Editorial: Online sales tax? Great Trade-off? Not so much
On the face of it, the current effort by Republicans in the state Legislature to cut income taxes by shifting the tax burden to Internet sales taxes has a whiff of the odious. Democratic representatives, falling prey perhaps to the accustomed knee-jerk reaction to any Republican proposal, call the proposal regressive.
"Our income tax is one of the few progressive sources of income we have in the state, in which case people who can afford more pay more, and that's the way it ought to be," Sen. Steve Farley of Tucson said.
But, according to an Associated Press story, Republicans are worried that mandatory collection of online sales tax, an idea that is dependent on Congress completing passage of the Marketplace Fairness Act, will be looked upon by their constituents as an additional tax, a concept repugnant to GOP stalwarts.
Thus, the Arizona bill in question, HB 2465, would require a state agency, likely the Arizona Department of Revenue, to ascertain how much additional revenue the state collects in online tax and then reduce the income tax rate by the same amount. If this proposal truly turns out to be revenue-neutral, the difference in what the state collects would be spread evenly between everyone who spends and everyone who pays state income tax. And that is anathema to Democrats, who believe that the rule would cause less fortunate folks to pay a higher share of their incomes while decreasing the proportional tax on those who earn more.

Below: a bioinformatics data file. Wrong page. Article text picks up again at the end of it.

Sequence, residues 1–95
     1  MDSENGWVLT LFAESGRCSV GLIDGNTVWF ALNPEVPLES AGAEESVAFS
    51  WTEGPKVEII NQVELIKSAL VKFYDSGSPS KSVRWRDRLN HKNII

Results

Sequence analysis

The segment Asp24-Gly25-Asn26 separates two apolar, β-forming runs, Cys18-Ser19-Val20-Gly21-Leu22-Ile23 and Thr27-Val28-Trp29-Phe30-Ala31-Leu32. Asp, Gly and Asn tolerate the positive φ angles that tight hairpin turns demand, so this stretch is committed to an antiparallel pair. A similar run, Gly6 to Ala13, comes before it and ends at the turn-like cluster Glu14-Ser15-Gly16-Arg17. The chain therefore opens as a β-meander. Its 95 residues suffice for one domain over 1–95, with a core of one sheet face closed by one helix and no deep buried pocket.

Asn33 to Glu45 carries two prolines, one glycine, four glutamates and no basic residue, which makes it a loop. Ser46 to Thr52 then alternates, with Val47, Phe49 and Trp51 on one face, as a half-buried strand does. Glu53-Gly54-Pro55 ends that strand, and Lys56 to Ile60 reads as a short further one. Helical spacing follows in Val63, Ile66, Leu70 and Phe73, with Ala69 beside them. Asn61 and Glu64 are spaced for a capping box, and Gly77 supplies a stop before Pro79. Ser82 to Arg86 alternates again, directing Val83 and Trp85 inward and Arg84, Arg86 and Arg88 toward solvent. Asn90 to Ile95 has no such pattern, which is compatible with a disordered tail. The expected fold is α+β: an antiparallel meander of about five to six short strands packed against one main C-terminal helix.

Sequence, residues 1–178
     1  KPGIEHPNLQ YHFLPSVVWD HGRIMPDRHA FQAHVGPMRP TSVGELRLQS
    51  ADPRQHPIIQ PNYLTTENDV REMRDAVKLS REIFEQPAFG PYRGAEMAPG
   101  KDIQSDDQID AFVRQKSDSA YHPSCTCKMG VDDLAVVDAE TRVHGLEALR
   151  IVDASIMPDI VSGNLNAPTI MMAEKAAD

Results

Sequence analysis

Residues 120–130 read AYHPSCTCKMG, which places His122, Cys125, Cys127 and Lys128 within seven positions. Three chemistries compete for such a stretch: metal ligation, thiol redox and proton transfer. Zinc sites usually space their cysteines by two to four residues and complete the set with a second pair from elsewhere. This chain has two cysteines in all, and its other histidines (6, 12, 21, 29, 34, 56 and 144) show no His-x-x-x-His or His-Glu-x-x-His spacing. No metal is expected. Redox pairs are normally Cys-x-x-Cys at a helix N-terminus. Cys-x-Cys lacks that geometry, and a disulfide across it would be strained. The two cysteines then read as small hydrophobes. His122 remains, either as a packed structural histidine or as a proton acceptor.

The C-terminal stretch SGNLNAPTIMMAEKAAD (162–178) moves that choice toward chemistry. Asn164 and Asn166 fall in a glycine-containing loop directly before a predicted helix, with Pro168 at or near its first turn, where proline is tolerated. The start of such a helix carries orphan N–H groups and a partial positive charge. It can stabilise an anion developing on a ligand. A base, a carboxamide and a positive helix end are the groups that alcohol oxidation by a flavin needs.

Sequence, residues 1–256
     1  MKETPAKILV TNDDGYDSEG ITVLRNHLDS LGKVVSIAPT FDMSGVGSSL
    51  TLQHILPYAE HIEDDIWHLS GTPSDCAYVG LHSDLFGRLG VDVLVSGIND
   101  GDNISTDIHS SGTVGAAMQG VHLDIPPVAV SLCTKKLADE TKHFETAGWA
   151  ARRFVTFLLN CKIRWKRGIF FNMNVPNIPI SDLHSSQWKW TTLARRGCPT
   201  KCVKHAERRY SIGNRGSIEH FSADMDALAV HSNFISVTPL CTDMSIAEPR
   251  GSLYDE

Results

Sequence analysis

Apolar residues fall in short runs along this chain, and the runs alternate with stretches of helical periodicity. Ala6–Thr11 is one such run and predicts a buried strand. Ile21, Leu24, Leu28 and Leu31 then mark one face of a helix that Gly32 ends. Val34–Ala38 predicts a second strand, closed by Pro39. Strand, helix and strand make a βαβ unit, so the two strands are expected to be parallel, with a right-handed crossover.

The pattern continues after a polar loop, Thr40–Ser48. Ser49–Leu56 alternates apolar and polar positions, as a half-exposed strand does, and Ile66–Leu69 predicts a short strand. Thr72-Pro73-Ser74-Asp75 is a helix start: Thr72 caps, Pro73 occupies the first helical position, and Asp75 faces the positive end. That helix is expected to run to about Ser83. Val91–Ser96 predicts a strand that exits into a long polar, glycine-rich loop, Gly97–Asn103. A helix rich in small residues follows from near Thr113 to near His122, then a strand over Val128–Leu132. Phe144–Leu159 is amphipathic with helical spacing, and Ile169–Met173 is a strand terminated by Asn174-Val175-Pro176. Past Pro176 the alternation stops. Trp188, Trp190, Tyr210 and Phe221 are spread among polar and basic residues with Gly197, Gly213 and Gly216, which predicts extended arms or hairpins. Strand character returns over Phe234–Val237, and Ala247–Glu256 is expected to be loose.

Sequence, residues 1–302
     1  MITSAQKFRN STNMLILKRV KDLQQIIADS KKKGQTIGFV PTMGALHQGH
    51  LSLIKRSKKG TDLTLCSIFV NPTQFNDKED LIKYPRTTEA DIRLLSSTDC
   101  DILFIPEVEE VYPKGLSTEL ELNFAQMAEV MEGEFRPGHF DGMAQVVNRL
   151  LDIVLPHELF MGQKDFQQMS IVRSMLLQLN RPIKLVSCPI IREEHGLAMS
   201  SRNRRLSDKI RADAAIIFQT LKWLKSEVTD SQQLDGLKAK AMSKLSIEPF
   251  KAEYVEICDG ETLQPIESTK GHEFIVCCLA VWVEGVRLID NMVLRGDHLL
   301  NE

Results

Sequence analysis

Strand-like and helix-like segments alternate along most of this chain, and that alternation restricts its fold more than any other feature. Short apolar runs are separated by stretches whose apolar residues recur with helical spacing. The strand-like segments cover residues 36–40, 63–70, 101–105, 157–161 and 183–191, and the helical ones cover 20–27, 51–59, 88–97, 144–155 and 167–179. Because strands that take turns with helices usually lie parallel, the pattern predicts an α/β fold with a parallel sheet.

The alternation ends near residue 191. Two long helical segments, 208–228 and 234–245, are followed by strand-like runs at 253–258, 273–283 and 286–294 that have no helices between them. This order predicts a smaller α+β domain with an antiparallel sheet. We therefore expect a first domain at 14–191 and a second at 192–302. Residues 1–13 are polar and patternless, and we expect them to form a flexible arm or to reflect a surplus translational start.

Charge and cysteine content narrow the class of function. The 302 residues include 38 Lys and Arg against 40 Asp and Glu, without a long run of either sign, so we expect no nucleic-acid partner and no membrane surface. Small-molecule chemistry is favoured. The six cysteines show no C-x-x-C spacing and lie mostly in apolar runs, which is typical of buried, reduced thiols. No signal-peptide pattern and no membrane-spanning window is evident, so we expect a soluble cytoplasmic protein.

Democrats also object to the idea of not accepting the additional money as a windfall. While Arizonans are already supposed to pay sales tax on out-of-state Internet purchases, the payment is at this point voluntary. By requiring the online business to collect, report and submit the tax revenues, an increase in collections is a certainty, even though Arizonans already pay sales tax on Internet purchases from companies that have a physical presence in the state.
So why not use the money for any of a number of deficiencies? Estimates of how much the move would raise vary from $100 million to $700 million per year. No doubt schools could use the money, though the Legislature for years has been loathe to increase that budget line.
Bottom line is, calling the proposal a means to prevent a tax increase is a bit of a play on words. After all, Arizonans who make online purchases - aside from putting local merchants at a disadvantage - should already be paying taxes on those transactions, so the amount of increase should already be there.
There seem to be too many flaws in this proposal to make it worthy of support. Taxing Internet sales would help local businesses and augment the state treasury. Giving up those gains would be the equivalent of two steps forward, followed by three steps back.
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